Last call for basketball
Putting together an All-Parish team is always a challenge—especially in a parish that is so rich in talented young athletes.
That challenge just increases when it comes to the All-Parish boy’s and girl’s basketball teams. Only 12 players can make it.
After the great seasons we had here in Ascension and after all the great performances that went along with them, it was hard to narrow it down to that number.
I was able to pull it off, but unfortunately, quite a few deserving players were left out.
As you might have expected, East Ascension High had the greatest presence of the six parish schools as they placed nine athletes on the All-Parish teams.
This was truly the year of East Ascension basketball.
The girl’s team went from barely making the playoffs in 2015, to being the No. 2 seed in the 2016 Class 5A playoffs.
The Lady Spartans had a sensational turnaround under longtime head coach Dennis Chandler. They ended the regular season on a 22-game winning streak and clinched the District 5-5A tile by beating their opponents by an average of 30 points per game.
Chandler was an easy pick as the Parish Coach of the Year for the girl’s team. The way they went from barely squeezing into the postseason to being one of the most dominant teams in the state with the same personnel was amazing.
Alynzia Morris continued to collect postseason honors. She was already named District 5-5A’s overall MVP. Now, she is the Parish MVP.
Morris really did it all for East Ascension this season. She used her size to do the dirty work down low, while using her agility to get transition buckets and her shooting skills to make 3-point baskets.
Teammate Tristian Washington was crowned the Parish Defensive Player of the Year for the girls. In almost every East Ascension game I covered this season, I saw Washington making three and four steals and flying across the court for easy layups.
The East Ascension boys won more games than any Ascension Parish team with 26. This string of victories included an undefeated run to the District 5-5A championship.
It earned the Spartans the No. 1 seed in the Class 5A playoffs. Though, like the girls, they were upset in the second round.
Leading the charge again for East Ascension was Le’Aaron Cain. Cain was the district’s Overall MVP, and for the second straight season, the senior also earned Parish MVP honors.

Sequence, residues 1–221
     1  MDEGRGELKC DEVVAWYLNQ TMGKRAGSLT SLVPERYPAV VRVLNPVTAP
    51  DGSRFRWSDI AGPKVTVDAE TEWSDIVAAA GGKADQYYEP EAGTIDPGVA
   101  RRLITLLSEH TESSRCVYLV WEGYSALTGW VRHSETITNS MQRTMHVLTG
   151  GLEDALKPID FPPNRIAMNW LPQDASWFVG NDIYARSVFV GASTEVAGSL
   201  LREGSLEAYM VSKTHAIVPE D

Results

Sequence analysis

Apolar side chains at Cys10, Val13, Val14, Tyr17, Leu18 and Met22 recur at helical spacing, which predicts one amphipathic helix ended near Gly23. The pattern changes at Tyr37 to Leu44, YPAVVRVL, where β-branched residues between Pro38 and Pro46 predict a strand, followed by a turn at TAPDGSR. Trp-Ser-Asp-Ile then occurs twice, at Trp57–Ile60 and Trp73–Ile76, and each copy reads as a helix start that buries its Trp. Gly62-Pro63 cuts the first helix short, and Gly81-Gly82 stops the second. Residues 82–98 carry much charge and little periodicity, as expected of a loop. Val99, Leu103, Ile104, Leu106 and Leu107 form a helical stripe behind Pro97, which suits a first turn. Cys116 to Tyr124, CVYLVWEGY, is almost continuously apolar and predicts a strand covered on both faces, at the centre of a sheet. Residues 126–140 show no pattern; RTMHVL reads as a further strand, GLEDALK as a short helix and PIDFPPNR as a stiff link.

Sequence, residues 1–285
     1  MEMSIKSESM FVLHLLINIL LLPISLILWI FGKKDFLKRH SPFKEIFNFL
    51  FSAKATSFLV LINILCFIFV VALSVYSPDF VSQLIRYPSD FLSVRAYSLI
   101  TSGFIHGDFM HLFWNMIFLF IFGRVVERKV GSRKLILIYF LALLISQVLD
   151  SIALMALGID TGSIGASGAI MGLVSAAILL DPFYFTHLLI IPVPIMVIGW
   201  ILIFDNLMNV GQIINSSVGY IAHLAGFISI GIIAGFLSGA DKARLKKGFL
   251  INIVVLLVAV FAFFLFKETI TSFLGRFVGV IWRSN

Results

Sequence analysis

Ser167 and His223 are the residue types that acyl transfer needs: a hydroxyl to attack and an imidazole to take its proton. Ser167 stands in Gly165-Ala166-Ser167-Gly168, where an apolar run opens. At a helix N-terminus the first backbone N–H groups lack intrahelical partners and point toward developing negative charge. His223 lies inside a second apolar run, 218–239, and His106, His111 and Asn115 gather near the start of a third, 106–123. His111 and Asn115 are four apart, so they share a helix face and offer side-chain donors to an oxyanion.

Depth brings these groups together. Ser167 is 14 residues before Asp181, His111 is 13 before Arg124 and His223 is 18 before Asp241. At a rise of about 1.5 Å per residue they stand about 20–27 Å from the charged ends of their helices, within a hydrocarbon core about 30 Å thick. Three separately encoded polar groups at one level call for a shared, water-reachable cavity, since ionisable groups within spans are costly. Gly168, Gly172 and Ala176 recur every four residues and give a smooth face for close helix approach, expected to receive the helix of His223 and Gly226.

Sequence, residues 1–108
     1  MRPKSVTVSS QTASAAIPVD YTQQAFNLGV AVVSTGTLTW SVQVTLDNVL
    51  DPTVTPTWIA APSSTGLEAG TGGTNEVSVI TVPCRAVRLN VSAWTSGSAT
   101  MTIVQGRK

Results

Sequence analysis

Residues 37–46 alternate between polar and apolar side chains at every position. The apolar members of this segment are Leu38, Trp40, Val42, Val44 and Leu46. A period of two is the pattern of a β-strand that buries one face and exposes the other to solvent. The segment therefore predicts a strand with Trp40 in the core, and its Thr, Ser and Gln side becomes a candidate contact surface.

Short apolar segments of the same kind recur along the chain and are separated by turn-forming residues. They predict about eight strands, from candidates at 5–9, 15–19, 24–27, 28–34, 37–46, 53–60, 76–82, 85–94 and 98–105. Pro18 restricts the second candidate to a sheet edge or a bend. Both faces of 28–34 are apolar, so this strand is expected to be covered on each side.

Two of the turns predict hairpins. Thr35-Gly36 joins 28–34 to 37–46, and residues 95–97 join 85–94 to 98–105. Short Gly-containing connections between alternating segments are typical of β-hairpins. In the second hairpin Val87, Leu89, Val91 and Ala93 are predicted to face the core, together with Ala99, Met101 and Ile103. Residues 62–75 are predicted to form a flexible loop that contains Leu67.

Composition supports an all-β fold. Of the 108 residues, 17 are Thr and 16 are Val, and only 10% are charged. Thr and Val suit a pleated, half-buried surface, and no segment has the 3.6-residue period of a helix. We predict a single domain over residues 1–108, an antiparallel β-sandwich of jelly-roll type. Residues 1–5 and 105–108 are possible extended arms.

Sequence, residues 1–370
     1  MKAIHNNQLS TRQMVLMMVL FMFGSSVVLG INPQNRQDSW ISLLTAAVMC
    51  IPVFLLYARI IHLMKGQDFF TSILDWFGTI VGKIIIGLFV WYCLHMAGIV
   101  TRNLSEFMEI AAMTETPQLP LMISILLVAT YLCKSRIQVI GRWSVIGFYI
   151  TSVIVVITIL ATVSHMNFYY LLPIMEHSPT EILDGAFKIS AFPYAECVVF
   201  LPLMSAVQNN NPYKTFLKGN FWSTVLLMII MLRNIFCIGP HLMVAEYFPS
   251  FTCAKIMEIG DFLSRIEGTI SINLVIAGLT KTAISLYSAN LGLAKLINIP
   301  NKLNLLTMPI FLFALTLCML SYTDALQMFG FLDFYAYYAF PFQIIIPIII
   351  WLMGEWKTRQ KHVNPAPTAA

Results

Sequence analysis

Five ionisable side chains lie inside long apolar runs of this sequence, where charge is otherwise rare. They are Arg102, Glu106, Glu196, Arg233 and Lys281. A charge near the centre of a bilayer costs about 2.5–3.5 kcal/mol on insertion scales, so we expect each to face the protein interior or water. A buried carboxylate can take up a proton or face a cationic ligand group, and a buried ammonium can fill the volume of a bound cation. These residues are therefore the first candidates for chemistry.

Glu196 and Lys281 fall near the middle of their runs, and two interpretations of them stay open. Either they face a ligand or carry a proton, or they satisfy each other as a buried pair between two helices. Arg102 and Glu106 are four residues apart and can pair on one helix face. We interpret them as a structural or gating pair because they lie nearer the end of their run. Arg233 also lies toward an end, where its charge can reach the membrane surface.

Cain was the most dangerous offensive weapon in the parish for the past two years. Much like Morris, he could score from anywhere on the court, and when he got hot, he could take a game over.
One of the most refreshing things about the 2016 Ascension basketball season was the resurgence of Dutchtown.
The boy’s program had suffered through some dark times in the previous two seasons. In those two years, they only won 13 total games and two district contests.
In 2016, they won 17 games and four league matchups.
Due to this improvement, the Griffins were able to make the playoffs for the first time in three years.
This is why I decided to give the nod to Dutchtown’s Patrick Hill as the Parish Coach of the Year.
After rebuilding for two seasons, the longtime Griffin coach was able to turn his squad into winners again, behind All-Parish players like Nick Caldwell and Gary Smith.
The Donaldsonville basketball teams had great season in their own right as both squads reached the second round of the playoffs.
The Donaldsonville boys headed into the postseason with the No. 8 seeding—which was the best in the parish, outside of East Ascension.
Four players from the school made both teams—including two for the boys.
In addition to Jacoby Simon making the first team, senior Terry Holmes was named the Parish Defensive Player of the Year.
Holmes has freakish hops, and he used it to his advantage throughout the season.
In addition to throwing down some of the most impressive dunks I saw in the parish all year, he was always there to protect the paint and use his athleticism to get up and block and alter shots.
He might not have consistently scored 15 and 20 points per game, but the Tigers could always count on him doing the blue-collar work down low.